Full disclosure: I have a vested interest in funny poetry. Last year I was delightfully surprised to win a competition for limericks in Limerick with a Trump and Brexit-mocking, last minute entry that I freely admit was the product of a few drinks. I find funny poems enjoyable to write and read, but more importantly, I think funny poetry serves a key function.

Any art form designed to make people laugh is an instant target for snobs. The highbrow among us, at least those who like to think they’re highbrow, dismiss limericks (dirty or otherwise) along with all kinds of comic verses. This attitude not only betrays a misunderstanding of literature’s purpose but ruins the fun for the rest of us, which is unforgivable.

Good comic verses also let people express things more accurately and succinctly than other forms. A little comedy can put tragedy in a shockingly effective contest. Take one of my favourites:

Little dog

Crossing street

Motor car

Sausage meat

An obviously hideous incident is first robbed of its power and then transformed into something even more powerful. Call it black humour if you must, but the ability to laugh at the awful isn’t just a comedic niche. The understanding that we can laugh at tragedy is a testament to the variety and complexity of human experience. The fact that the tragedy is not lessened by its comic effect re-affirms our basic humanity. We can feel sad and happy at the same time; we can see the beauty in the midst of life’s frequent ugliness.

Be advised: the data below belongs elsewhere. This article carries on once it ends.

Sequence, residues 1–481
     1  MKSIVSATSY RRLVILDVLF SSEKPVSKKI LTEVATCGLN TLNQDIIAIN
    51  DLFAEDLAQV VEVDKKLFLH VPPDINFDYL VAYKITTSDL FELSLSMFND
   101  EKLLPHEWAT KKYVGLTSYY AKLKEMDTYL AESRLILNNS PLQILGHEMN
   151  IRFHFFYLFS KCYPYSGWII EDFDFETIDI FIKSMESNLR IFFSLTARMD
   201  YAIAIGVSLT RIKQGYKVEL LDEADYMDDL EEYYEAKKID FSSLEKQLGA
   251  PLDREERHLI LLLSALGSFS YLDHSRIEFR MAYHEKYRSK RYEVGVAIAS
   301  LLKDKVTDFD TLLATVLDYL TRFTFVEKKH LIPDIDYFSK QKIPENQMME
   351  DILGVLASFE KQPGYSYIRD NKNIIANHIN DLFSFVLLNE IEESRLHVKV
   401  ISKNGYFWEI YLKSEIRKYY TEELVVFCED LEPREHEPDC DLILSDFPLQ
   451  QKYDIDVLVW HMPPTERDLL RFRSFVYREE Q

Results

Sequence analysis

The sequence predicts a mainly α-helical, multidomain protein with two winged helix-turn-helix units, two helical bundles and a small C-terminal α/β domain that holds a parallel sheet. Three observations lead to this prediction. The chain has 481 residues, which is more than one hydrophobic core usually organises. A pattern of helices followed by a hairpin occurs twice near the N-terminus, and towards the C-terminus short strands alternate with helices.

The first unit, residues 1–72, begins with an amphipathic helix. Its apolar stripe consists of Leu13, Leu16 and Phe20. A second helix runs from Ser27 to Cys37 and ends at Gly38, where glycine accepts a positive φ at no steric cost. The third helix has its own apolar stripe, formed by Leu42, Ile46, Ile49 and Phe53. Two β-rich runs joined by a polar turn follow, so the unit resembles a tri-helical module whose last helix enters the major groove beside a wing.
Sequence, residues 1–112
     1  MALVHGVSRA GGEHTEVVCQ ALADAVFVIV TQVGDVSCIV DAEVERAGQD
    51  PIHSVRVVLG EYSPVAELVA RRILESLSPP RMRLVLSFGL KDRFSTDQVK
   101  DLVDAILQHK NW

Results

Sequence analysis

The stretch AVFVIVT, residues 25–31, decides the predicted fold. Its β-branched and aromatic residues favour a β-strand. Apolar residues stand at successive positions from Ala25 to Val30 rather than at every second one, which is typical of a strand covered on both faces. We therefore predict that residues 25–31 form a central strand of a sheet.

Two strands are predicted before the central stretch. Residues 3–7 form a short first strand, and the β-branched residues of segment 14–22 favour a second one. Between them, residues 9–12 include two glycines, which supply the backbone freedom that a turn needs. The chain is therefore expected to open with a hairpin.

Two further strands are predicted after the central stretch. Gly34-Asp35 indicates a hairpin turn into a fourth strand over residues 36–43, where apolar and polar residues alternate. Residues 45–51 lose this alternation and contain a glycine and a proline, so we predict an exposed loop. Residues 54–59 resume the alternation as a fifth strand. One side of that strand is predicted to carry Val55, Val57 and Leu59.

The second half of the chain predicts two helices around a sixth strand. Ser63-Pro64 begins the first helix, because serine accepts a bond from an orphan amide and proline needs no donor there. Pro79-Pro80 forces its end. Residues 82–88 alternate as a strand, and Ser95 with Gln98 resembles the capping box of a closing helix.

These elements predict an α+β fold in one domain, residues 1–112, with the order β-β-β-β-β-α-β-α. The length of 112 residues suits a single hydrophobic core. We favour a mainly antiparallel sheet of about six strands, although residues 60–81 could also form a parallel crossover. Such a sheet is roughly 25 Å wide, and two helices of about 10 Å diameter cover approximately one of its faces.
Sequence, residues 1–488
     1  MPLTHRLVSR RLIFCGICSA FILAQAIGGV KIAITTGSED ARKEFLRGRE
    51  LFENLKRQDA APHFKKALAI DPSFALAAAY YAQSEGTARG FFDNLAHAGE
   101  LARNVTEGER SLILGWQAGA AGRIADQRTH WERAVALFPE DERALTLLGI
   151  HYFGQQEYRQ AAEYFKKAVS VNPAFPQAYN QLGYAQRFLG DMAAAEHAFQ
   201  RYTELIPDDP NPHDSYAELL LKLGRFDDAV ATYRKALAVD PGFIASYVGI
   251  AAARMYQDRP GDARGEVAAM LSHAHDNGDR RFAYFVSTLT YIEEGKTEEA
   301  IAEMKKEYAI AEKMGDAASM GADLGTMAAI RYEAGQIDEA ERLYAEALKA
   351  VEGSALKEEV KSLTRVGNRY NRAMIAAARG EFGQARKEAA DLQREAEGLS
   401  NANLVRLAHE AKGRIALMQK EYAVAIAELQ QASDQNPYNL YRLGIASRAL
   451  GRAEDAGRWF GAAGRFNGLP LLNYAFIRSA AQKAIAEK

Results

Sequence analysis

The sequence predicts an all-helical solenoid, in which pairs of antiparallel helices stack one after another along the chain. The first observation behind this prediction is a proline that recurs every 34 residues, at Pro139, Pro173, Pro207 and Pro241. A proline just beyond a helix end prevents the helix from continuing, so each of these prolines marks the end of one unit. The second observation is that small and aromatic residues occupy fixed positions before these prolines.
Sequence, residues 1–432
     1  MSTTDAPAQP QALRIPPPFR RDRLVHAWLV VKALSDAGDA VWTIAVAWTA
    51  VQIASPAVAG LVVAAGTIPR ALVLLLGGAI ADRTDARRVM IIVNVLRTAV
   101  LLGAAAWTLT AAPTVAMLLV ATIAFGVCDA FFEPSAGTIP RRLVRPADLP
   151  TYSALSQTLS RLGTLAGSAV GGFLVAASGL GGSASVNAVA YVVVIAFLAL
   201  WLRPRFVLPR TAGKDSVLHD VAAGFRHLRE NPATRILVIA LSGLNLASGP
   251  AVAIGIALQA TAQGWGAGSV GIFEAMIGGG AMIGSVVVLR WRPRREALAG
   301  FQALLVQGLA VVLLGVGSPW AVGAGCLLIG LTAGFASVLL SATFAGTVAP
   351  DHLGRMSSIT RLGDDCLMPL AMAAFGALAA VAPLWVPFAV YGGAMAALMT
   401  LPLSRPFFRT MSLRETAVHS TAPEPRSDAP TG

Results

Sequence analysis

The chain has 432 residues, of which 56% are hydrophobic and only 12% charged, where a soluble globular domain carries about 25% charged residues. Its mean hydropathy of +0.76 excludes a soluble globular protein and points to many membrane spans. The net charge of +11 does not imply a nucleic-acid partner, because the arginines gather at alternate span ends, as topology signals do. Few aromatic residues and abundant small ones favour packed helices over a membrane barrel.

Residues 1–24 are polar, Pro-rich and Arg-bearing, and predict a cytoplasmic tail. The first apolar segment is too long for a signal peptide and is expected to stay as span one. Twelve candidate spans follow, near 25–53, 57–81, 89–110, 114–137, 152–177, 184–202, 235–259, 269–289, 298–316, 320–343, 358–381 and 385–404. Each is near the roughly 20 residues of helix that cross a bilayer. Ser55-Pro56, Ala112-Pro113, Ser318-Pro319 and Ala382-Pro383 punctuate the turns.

A word about puns. I’m the first to cringe at cheesy puns, I camembert them. But we’re looking lucky to speak a language where puns are easy, plentiful and informative. Puns remind us that the English language is funny in and of itself. Without topical humour, without tragicomedy, English can make us laugh. The mere sounds, coincidences and grammatical constructions of English subvert its seriousness.

Just like poems that remind us of life’s horrors by making us chuckle at them, puns let us know that no matter how powerful and world-changing words can be in the mouths of tyrants, freedom fighter and genius wordsmiths, the very nature of language can make us laugh. That power to stir in us all our complex, contradictory and interdependent emotions is the real beauty of language. Comic poetry takes the English language, cheese puns and all, and makes it so much feta.

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